My generation was bitterly divided over something that should have been so clear and right. The majority believed that what the judge said, that it was God’s plan to keep people apart, and that government should discriminate against people in love. But I have lived long enough now to see big changes. The older generation’s fears and prejudices have given way, and today’s young people realize that if someone loves someone they have a right to marry.

Surrounded as I am now by wonderful children and grandchildren, not a day goes by that I don’t think of Richard and our love, our right to marry, and how much it meant to me to have that freedom to marry the person precious to me, even if others thought he was the “wrong kind of person” for me to marry. I believe all Americans, no matter their race, no matter their sex, no matter their sexual orientation, should have that same freedom to marry. Government has no business imposing some people’s religious beliefs over others. Especially if it denies people’s civil rights.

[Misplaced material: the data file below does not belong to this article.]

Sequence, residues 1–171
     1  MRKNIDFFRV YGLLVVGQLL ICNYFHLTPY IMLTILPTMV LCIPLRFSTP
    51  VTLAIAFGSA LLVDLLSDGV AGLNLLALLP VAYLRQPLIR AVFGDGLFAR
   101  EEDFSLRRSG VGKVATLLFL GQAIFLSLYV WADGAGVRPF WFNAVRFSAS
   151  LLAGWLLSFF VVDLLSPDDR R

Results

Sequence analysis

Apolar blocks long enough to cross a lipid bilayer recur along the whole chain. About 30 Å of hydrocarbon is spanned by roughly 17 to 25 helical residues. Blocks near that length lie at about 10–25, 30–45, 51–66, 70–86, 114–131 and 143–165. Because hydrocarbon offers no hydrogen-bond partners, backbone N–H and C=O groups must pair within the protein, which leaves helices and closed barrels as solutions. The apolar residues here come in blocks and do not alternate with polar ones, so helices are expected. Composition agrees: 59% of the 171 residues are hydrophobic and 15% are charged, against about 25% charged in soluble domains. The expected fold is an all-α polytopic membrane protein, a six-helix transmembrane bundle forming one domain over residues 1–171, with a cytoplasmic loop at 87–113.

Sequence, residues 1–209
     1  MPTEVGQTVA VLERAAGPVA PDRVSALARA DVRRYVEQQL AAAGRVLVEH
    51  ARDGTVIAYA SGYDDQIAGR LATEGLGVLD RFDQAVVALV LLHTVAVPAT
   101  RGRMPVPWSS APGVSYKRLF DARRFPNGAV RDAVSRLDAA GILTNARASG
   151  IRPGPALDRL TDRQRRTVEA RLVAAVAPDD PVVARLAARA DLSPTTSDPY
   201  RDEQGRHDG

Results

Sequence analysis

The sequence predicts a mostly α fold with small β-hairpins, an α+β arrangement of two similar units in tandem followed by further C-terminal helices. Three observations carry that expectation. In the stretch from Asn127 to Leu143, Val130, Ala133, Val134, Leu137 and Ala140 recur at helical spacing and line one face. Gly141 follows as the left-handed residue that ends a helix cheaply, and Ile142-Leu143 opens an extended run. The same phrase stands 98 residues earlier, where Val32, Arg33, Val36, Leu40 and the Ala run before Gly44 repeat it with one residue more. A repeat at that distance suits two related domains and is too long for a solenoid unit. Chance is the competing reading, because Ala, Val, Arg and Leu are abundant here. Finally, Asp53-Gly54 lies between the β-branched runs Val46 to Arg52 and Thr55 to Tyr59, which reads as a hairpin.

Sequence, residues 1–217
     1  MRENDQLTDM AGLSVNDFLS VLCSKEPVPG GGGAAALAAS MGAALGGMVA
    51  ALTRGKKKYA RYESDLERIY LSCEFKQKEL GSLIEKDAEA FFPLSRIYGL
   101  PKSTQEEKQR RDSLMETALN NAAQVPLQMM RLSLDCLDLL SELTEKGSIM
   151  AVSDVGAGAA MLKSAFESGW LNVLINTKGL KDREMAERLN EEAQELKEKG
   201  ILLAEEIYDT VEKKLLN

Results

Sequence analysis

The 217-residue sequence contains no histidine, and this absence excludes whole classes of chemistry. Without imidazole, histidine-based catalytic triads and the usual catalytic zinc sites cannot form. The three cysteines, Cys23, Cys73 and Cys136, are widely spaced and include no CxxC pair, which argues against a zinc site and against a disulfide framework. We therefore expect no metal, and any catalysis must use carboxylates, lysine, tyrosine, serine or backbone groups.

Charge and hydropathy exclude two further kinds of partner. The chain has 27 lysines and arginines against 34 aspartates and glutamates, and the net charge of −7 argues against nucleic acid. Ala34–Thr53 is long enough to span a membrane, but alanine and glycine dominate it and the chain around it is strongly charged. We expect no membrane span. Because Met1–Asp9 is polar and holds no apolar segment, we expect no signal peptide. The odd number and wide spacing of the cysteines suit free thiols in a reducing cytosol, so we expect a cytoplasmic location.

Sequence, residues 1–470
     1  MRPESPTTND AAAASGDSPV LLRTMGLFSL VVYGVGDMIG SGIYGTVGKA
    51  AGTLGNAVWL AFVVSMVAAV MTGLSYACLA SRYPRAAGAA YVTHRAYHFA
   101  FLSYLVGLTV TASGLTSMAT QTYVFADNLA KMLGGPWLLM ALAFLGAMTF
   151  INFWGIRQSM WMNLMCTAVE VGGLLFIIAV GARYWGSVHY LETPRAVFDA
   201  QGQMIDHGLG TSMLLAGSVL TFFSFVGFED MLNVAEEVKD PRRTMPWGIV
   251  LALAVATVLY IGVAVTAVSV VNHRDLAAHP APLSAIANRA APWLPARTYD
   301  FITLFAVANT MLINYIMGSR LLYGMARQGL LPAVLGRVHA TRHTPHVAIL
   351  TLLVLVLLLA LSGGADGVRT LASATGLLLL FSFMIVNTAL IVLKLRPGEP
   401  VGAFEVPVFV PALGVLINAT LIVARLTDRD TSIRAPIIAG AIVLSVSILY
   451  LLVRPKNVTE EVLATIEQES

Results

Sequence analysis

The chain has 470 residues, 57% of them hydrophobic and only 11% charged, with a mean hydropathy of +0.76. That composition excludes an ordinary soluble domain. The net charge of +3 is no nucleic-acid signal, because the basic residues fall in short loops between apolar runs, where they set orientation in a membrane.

I am still not a political person, but I am proud that Richard’s and my name is on a court case that can help reinforce the love, the commitment, the fairness, and the family that so many people, black or white, young or old, gay or straight seek in life. I support the freedom to marry for all. That’s what Loving, and loving, are all about.

Read more:

Bernard S. Cohen and Evan Wolfson have a blog.


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Rasul v. Bush.

Shafiq RasulBeginning in 2002, habeas corpus petitions began to be filed on behalf of the prisoners at Guantánamo Bay. The first of these to reach the Supreme Court was Rasul v. Bush, filed on 19 February 2002 by the Center for Constitutional Rights on behalf of Shafiq Rasul and Asif Iqbal, both British citizens, and David Hicks, an Australian citizen.